Titian grasped the physical world – by seeking the mysteries underneath

Self-portrait (c 1567), by Titian

Titian’s Touch
By Maria H Loh
Reaktion, 288pp, £15.95/$22.50

Titian is the Shakespeare of Venetian painting, the giant who encompasses the whole world into his art.

John Ruskin, the most capricious and tyrannical of art critics (as well as one of the greatest), much preferred Tintoretto, and Henry James agreed with him on that matter, the two of them separately singing Tintoretto’s glories in magnificent prose. Nevertheless, Titian remains tops among High Renaissance painters, the subject every few years of a major exhibition in London, Paris or New York.

Though a great deal has been written on Titian over the centuries, the monograph of Joseph Archer Crowe and Giovanni Battista Cavalcaselle’s biography (1877) still holds the field. Now this new book, dense in knowledge and slim in size, has appeared, the work of Maria H Loh, an expert in Titian who presently teaches at Hunter College, New York (and formerly at University College, London).

Professor Loh avoids what we know about the Venetian painter’s life. Much of it is to be found in the chapter on him in the monumental Lives of the Artists by Titian’s contemporary, Giorgio Vasari, himself a painter and master of the anecdotal. Vasari, a Tuscan, praised Titian in a way he rarely did artists from areas outside of Florence. As so often with Renaissance artists, including the greatest, most of what is known of Titian’s life is closer to the approximate than to the exact. We know that he died, at a great age, of the Plague, but not whether he was over 100 at the time, as it has been claimed, or merely in his 80s or 90s. In a black skullcap over his bald head, freckled with age, and his long grey beard, he looks like Father Time in his self-portrait painted in 1646, 30 years before his death. Whatever his exact age, he was still working right to the end.

His genius was to bring worlds to life with his hands, with “Titian’s touch”, made all the more sumptuous by his magnificent use of colour. Colour was what Venetian art was also about, as opposed to Florentine which emphasised line, in the previous age of Carpaccio and the Bellinis, no less than in Titian.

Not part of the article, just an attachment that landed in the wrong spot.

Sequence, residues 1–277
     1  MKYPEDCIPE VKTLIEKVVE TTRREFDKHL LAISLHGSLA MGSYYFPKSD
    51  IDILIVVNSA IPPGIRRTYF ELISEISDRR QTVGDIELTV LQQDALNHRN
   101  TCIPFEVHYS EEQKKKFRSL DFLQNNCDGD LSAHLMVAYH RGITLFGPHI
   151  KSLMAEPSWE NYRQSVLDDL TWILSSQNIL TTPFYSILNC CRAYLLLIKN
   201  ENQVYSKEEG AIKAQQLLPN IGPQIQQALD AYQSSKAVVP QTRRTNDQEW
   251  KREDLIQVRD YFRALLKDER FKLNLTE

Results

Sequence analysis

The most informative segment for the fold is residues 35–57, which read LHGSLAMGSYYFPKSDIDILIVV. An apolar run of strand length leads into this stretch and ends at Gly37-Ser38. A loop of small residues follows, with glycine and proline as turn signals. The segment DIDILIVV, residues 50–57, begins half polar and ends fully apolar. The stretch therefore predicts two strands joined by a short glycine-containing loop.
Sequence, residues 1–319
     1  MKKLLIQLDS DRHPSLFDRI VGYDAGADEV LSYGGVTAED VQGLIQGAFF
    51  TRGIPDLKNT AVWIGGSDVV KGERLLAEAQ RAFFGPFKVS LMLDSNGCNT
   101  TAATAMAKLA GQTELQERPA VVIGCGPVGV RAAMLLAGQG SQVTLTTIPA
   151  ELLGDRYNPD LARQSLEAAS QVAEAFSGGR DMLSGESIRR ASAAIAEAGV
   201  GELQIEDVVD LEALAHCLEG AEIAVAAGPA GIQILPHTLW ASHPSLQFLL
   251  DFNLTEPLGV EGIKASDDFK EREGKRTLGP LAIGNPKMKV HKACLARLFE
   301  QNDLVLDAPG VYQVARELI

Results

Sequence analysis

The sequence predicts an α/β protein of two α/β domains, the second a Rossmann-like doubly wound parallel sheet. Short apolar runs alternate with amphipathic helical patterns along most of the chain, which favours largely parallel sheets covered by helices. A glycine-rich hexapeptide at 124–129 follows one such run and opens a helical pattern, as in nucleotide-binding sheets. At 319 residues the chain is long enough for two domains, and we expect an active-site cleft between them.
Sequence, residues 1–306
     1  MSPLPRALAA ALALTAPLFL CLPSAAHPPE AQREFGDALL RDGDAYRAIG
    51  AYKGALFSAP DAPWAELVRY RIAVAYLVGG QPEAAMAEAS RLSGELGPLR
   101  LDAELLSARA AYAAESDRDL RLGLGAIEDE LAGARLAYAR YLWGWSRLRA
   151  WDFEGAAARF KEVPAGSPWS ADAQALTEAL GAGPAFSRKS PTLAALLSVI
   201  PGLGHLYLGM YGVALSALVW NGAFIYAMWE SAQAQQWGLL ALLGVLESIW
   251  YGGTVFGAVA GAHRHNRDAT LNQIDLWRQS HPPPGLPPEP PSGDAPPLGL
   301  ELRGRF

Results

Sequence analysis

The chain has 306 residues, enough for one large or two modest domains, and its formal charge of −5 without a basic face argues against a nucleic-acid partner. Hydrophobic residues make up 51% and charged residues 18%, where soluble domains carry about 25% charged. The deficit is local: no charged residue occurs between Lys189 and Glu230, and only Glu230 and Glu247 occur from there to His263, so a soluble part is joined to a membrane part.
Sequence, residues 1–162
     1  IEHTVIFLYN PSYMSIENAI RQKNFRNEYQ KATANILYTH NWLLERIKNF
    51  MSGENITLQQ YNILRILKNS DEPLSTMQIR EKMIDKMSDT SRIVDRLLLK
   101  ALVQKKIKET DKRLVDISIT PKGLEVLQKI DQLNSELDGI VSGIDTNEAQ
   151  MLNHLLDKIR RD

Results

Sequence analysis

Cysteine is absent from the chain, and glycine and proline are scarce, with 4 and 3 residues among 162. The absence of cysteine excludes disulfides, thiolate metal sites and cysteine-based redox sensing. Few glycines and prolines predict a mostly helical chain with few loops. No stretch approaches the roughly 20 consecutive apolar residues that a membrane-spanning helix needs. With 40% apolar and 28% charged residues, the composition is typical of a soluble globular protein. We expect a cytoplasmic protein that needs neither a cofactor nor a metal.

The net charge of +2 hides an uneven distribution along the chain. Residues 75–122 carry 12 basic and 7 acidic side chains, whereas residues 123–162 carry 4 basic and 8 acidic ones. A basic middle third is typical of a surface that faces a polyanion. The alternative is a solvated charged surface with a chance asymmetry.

One could wish for more connection in this book between Titian and his immediate predecessors. Loh discusses and illustrates Titian’s brilliance in painting dogs and quotes Sir Joshua Reynold’s observation that Titian “invested” his canine subjects “with grandeur and importance”.

She mentions that he studied in the Bellinis’ workshop with Giorgione. But little more is known about that enigmatic figure, whose partnership with Titian may have declined into rivalry by the time of Giorgione’s early death.

Giorgione’s star has faded since Walter Pater featured him in his The School of Giorgione, that Bible of the Renaissance for late 19th-century English aesthetes, which inspired the Beardsley-Wilde generation to “burn with a hard gemlike flame” as Pater prescribed. Since then, masterpieces of an enigmatic tone, formerly considered the mark of Giorgione, have been reassigned to Titian, who may have absorbed Giorgione’s style and then moved on.

Professor Loh discusses the mysterious The Interrupted Concert (c1510) as the obvious example of Titian’s use of Renaissance unity of time, music and touch, without at least considering that it might be the work of Giorgione’s as was once assumed. It does have the inward-looking, mysterious faces considered characteristic of Giorgione.

What Professor Loh does is to explain how Titian, a master of capturing the physical world, did so the more skilfully because of his exploration of the mysteries lying beneath. She tells us that Renaissance figures – whether poets, musicians and painters or doctors, philosophers and divines – saw physical experiences as linked to a cosmic

order by a universal harmony, “an astral magical rhythm that influenced everything from the rotation of the planet down to the ‘musicality of the pulse’”. In his self-portrait, Titian does indeed look like a Renaissance alchemist, “at once, painter, philosopher and sorcerer”, to quote Professor Loh. Venice, that “circulatory world” of “luxury commodities … translations of ancient beliefs”, that aristocracy masquerading as a Republic, was a perfect place for him.

No painter so well mixed the Sacred and Profane, the subject of a 1515 masterpiece featuring two women of fair beauty, which Italian Renaissance painters preferred, perhaps because blondes were rare and exotic to them. Richly sensuous Venuses, naked and inviting sometimes with musicians next to their beds, and Madonnas ascending to the sky in a way that foreshadows the next century’s Baroque were equally natural to his “touch”.

The High Renaissance’s models tended to be fleshier than those of the previous century, not too far removed from the Gothic, and even Titian’s Christs are muscular athletes. Loh is less interested in that and more in less obvious elements such as the way the “vegetation” in Noli Me Tangere “burgeons round Christ as if to fertilise His blood”.

Titian’s best friend, the roguish Pietro Aretino, poet and pornographer, wrote that Mary Magdalene’s sorrow was such that it made the grass and plants weep. And so they do in this magnificent painting, a mixture of art, genius and magic indeed. This short book reminds us of Titian’s achievement, something we may be too much inclined to take for granted.